Concerned citizens are bulwark against electrocution

After a twice-fallen power line nearly electrocutes a mail carrier, a concerned citizen reaches out to an electrocution lawyer for safety advice

To be the bulwark against electrocution, concerned citizens need to speak out

The best way to protect ourselves from electrocution and electrical shock injuries caused by downed and negligently maintained power lines is us.

It’s everyday people.

Friends and neighbors and people with the willingness to speak up – and speak out – on behalf of our families and our communities can prevent electrocution before tragedy strikes. We can together save lives.

For 35 years, I’ve practiced law as an electrocution lawyer, helping people and families whose lives have been cut short. It’s meaningful work protecting people and making our communities safer from deteriorating infrastructure and other electrical dangers, but it is also always after it is too late – after tragedy has struck.

I started this electrocution law blog to make a difference before tragedy strikes. Recently, I had the true pleasure of hearing from one such concerned citizen, who had reached out to me for legal advice about what he could do to fix a dangerous situation in his neighborhood that was being neglected by his local power company.

Specifically, the concerned citizen told me that, during a period of just a couple days, a mail carrier had been nearly electrocuted by a power line that had already fallen twice. The downed wire was believed to be related to the failure of an overhead primary distribution conductor.

I responded to this concerned public citizen with the following message:

“Thank you for contacting our website. It’s stories like yours that keep us up at night.

“Without seeing photographs of the span that failed, with specific attention to the splice count, and the age of the infrastructure, it’s difficult to be too specific. If you would send me some photos, and also photograph the pole tag on the nearest pole, which should give clues as to the age of the infrastructure involved, I would be happy to refine what I’m about to say.

“I hear you saying that an overhead primary distribution conductor failed and fell twice, in recent days. Did it fail the second time at the splice that was installed to repair the first failure, or at another location on the conductor? Are you certain that the same conductor failed twice, or did different conductors within the same span fail? Also, you suggest that someone shooting birds on the wire may have damaged the wire (powerline; phase; conductor; wire; are all equivalent terms). Do you have personal knowledge of that, or are you speculating?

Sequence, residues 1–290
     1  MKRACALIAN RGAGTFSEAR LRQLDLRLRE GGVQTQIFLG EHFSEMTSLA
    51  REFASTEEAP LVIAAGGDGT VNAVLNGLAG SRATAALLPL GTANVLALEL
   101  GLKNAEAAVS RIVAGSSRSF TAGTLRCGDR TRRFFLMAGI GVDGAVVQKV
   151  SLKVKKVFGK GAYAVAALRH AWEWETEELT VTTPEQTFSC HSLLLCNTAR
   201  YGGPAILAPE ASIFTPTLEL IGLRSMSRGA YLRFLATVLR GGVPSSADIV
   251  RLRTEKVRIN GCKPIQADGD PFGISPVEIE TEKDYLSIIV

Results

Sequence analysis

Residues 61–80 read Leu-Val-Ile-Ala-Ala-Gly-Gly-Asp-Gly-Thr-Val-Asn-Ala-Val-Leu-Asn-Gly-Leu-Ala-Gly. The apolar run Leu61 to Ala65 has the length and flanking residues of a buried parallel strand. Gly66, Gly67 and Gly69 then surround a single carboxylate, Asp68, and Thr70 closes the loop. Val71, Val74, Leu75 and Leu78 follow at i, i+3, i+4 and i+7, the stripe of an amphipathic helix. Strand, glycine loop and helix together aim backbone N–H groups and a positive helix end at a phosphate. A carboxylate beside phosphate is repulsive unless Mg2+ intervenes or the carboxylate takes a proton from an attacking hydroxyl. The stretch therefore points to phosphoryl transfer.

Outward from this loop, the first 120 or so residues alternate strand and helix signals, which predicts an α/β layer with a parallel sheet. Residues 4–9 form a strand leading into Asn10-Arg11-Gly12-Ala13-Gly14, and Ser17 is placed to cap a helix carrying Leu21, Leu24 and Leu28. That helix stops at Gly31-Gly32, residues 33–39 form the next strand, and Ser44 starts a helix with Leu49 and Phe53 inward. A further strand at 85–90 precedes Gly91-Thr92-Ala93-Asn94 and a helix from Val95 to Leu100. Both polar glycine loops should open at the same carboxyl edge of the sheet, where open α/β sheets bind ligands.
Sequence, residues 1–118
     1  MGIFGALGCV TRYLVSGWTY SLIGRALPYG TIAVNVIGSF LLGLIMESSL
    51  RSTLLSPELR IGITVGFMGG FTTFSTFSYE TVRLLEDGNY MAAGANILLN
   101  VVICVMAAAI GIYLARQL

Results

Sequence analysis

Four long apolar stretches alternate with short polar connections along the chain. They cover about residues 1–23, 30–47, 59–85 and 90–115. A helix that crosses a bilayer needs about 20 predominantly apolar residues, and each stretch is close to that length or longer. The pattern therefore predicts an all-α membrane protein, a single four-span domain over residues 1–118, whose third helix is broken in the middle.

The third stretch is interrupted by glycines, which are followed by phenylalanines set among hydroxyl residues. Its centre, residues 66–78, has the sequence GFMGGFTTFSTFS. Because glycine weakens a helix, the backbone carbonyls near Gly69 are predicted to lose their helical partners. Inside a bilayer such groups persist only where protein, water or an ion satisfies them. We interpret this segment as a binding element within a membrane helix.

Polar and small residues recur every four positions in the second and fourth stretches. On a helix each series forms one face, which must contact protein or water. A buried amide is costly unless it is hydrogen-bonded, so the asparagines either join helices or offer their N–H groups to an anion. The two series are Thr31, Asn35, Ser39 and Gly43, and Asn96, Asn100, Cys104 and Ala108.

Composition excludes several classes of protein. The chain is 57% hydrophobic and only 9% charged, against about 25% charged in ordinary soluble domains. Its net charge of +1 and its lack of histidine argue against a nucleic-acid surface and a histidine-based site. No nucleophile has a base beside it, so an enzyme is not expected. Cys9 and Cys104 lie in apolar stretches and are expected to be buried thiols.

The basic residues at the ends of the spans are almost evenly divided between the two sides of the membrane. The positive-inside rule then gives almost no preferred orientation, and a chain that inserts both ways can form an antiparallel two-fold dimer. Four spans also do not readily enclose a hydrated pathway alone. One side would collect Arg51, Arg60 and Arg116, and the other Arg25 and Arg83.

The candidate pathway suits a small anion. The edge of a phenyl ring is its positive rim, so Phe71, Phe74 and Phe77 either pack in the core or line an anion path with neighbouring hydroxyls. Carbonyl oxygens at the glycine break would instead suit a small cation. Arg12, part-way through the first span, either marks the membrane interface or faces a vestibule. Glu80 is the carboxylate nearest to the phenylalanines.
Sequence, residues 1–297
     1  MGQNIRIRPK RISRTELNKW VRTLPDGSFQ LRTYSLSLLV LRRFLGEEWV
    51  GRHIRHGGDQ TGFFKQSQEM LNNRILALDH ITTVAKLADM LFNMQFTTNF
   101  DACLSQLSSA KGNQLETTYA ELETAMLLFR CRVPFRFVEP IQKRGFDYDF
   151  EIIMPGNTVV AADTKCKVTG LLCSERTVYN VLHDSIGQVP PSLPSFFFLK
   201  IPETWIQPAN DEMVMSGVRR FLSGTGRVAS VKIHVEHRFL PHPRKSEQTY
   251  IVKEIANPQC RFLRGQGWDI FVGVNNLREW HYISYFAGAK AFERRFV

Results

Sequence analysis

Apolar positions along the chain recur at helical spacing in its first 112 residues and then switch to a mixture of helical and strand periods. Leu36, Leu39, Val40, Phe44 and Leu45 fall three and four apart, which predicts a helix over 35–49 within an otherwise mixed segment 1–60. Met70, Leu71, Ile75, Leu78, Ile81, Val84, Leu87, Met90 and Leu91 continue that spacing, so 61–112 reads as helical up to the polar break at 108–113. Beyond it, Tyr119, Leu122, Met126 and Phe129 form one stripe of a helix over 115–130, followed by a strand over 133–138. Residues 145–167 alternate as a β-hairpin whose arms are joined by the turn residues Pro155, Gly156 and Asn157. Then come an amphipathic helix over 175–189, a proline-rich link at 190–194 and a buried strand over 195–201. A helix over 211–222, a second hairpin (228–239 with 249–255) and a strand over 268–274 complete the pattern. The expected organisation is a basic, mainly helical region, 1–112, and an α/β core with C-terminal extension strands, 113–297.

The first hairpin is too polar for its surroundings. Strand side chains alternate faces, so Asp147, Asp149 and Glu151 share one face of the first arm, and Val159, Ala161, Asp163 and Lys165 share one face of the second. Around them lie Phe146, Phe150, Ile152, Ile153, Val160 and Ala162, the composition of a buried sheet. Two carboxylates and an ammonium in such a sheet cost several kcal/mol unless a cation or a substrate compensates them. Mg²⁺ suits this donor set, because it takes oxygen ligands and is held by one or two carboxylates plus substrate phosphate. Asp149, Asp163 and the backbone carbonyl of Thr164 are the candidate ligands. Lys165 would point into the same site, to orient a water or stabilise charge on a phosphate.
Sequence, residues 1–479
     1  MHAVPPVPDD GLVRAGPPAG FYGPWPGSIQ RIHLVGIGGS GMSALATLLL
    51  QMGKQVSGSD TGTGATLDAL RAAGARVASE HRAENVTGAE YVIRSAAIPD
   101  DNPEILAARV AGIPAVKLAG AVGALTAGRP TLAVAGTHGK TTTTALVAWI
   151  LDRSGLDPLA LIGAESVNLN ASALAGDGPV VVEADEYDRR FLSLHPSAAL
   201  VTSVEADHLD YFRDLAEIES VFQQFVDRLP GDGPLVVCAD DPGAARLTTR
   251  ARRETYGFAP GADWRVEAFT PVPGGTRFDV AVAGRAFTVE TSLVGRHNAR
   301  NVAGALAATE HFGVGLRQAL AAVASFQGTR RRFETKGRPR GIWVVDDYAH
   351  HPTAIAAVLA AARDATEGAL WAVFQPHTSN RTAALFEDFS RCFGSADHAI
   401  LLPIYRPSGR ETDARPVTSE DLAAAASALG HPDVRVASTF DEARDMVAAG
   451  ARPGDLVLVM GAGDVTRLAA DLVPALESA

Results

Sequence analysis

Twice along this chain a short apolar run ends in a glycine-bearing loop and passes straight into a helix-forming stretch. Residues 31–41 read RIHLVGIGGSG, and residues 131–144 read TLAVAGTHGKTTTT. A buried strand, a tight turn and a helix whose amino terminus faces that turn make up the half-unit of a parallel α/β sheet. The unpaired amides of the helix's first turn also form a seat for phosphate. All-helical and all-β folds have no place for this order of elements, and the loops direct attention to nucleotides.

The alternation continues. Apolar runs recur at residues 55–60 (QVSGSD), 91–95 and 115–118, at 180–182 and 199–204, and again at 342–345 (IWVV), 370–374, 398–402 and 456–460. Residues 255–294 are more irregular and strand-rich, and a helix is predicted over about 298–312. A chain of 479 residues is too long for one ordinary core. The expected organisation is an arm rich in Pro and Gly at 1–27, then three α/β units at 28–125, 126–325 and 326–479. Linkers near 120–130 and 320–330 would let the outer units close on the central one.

“Distribution conductors are not insulated in the conventional sense, with dielectric coating. The industry refers to them as being ‘air insulated’ or ‘insulated by isolation.’ The only protection for people in the vicinity is the elevation they are situated above ground. Specific vertical clearances are set forth in, and mandated by, the National Electric Safety Code. Your state’s Public Utilities Commission or Public Service Commission requires that the utility comply with some version of the NESC. When wires fail and fall, people die. We have sadly represented families who have experienced that tragic fact.

“Aging power distribution infrastructure, and investor owned utility corporate structures, have resulted in inconsistent inspection/maintenance practices, and using many components until they fail. Responsible preventive and reactive maintenance practices, and prudent inspection protocols/schedules, are necessary for utilities to find and repair deteriorating aspects of their system. Often, utilities will splice old, worn out conductors, for quick restoration of power, rather than reconductor them with new wire. Multiple failures of the same powerline suggest that either it had deteriorated and was in need of replacement or a prior splice was not performed in a workmanlike manner, and itself failed. Old splices, especially the type known as ‘automatic splices’ are prone to premature failure in the field. I suggest you visit the website of a splice replacement safety product called ClampStar, for some interesting videos and information about the well-known problem of splice failure.

“As for remedial action you can take, I’d send a certified letter addressed to the upper management level employees of your utility, informing them about what happened, and requesting that they upgrade the infrastructure in your area, and reconductor the wire that has repeatedly fallen. I would include the CEO, and the chief engineer, on the correspondence list. If you document what happened, and emphasize how close the postman came to being electrocuted, I doubt they would ignore your notice of the safety hazard.

“Concerned citizens like you, are the bulwarks against public tragedy. I commend your involvement, and applaud your efforts on behalf of your family and neighbors.

“Thank you, Jeff Feldman.”

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